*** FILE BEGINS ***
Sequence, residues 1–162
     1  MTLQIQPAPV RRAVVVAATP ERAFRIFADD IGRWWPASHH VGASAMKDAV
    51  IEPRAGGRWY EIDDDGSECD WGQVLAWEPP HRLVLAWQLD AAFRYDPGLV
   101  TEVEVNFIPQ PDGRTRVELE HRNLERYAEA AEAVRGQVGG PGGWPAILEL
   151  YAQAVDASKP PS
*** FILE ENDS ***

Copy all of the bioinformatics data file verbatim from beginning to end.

Sequence, residues 1–162
     1  MTLQIQPAPV RRAVVVAATP ERAFRIFADD IGRWWPASHH VGASAMKDAV
    51  IEPRAGGRWY EIDDDGSECD WGQVLAWEPP HRLVLAWQLD AAFRYDPGLV
   101  TEVEVNFIPQ PDGRTRVELE HRNLERYAEA AEAVRGQVGG PGGWPAILEL
   151  YAQAVDASKP PS